Sun Microsystems executives at the JavaOne conference in San Francisco on Tuesday hailed the potential of the JavaFX RIA (rich Internet application) development and deployment platform, which had been formally unveiled at JavaOne in May 2007. Company executives set forth some firm product delivery dates for JavaFX and touted a couple of development projects: Project Hydrazine for cloud computing and Project Insight for collecting feedback on application usage.
To show Java's prominence in multimedia, rock icon Neil Young made an appearance onstage to promote his video and music catalog offering based on Java and Blu-ray technology. A Sun official also briefly commented on Sun's predicament in trying to put Java on the Apple iPhone, leaving the ball in Apple's court to help make that happen.
With JavaFX, Sun is set to take on rival platforms in the growing RIA space. Rival technologies such as Microsoft's Silverlight and Adobe's Flash platform also seek dominance.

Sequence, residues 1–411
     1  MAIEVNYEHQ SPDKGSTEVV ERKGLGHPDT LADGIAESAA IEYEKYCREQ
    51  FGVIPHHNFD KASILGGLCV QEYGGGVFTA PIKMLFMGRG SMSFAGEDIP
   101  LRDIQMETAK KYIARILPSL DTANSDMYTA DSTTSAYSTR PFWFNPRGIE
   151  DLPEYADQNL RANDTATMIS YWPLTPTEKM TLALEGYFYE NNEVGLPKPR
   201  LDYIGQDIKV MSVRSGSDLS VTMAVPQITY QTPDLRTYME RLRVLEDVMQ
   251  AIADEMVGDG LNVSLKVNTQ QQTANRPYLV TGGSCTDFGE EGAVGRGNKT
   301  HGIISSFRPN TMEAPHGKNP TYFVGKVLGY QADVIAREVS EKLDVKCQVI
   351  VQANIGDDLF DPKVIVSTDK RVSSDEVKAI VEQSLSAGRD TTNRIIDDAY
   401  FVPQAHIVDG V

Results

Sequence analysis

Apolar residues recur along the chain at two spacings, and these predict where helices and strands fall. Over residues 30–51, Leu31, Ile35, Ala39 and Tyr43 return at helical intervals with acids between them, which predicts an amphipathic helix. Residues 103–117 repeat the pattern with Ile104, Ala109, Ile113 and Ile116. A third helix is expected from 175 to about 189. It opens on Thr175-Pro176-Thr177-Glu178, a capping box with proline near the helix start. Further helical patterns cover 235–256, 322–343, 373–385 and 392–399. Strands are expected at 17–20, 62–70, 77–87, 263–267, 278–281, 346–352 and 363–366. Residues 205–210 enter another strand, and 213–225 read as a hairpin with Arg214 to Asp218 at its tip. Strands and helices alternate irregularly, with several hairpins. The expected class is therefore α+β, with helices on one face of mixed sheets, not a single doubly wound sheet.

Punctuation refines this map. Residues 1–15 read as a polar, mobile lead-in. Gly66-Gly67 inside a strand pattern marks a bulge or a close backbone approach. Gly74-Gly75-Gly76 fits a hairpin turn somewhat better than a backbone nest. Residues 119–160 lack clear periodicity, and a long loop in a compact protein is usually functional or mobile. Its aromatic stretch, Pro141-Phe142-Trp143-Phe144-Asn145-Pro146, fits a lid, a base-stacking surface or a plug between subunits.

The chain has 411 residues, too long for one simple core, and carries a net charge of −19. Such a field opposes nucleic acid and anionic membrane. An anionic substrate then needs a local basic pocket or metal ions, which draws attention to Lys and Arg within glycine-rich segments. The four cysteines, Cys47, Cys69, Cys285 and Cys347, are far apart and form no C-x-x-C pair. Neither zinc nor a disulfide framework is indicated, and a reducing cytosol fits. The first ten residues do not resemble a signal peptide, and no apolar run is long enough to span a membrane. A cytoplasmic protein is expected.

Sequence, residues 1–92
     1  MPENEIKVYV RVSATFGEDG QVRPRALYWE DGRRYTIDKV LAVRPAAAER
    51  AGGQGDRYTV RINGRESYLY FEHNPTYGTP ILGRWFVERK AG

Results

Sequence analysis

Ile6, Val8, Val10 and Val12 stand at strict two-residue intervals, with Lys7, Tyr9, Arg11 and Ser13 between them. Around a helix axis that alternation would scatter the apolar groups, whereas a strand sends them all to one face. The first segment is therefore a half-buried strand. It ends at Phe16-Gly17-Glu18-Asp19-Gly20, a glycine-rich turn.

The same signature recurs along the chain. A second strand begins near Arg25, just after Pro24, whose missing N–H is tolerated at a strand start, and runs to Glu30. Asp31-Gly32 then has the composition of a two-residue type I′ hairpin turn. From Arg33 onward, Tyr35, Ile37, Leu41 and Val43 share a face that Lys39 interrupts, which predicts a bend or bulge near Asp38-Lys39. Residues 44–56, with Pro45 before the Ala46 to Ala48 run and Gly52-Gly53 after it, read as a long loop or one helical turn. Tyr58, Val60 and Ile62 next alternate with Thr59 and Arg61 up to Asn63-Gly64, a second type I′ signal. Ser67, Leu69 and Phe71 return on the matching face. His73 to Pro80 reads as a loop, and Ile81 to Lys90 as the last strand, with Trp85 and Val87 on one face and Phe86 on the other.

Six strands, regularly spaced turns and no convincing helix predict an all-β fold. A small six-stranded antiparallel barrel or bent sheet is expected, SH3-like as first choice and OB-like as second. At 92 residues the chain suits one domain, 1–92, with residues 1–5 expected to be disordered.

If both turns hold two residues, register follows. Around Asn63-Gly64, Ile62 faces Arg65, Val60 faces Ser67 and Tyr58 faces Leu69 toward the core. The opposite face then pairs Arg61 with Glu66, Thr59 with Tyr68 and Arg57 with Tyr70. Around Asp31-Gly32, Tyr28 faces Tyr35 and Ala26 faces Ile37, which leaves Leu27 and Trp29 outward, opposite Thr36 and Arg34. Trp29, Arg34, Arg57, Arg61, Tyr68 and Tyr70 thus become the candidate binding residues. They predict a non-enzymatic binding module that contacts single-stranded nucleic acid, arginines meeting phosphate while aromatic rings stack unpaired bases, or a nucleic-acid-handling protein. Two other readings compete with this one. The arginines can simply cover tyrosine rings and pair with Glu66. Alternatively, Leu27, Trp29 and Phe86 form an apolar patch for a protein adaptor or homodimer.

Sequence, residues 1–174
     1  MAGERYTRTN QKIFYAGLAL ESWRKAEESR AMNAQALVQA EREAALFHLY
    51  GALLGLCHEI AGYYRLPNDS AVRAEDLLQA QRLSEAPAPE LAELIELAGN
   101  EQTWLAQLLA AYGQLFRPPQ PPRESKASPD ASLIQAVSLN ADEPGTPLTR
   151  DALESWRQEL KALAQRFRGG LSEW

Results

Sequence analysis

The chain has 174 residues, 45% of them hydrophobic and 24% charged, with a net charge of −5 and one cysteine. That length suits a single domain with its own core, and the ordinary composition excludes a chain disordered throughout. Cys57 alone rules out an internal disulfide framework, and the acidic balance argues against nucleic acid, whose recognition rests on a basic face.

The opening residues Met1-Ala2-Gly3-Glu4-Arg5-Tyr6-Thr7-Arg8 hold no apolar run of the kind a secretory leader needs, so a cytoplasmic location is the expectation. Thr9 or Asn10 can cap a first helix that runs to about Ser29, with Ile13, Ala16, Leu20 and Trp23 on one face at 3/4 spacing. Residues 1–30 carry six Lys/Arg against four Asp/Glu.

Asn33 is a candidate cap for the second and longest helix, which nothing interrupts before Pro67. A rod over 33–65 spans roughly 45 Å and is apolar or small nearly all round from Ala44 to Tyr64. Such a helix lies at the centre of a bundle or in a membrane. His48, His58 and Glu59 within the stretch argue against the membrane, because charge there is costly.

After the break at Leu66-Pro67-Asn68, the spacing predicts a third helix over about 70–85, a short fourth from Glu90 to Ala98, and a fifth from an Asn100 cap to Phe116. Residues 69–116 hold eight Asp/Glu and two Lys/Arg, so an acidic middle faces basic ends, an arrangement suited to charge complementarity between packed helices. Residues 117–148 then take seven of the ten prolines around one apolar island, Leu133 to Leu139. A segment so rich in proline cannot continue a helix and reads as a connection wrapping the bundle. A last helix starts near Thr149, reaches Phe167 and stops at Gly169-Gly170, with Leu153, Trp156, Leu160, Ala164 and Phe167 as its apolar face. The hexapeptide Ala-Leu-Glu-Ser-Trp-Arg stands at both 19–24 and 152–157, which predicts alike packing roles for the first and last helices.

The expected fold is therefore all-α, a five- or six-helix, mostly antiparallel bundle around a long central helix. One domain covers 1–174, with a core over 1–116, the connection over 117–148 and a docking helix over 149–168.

"We're taking on the marketplace," with Java, said Sun president and CEO Jonathan Schwartz.
JavaFX enables application deployment across multiple types of interfaces, including devices. A demonstration showed a JavaFX application being moved right from the browser onto the desktop.
"In fact, [JavaFX] runs on all the screens of your life," said Rich Green, Sun executive vice president of software. JavaFX features components such as a runtime, a media codec framework, and the JavaFX Script scripting language.
Sun set forth a road map for JavaFX: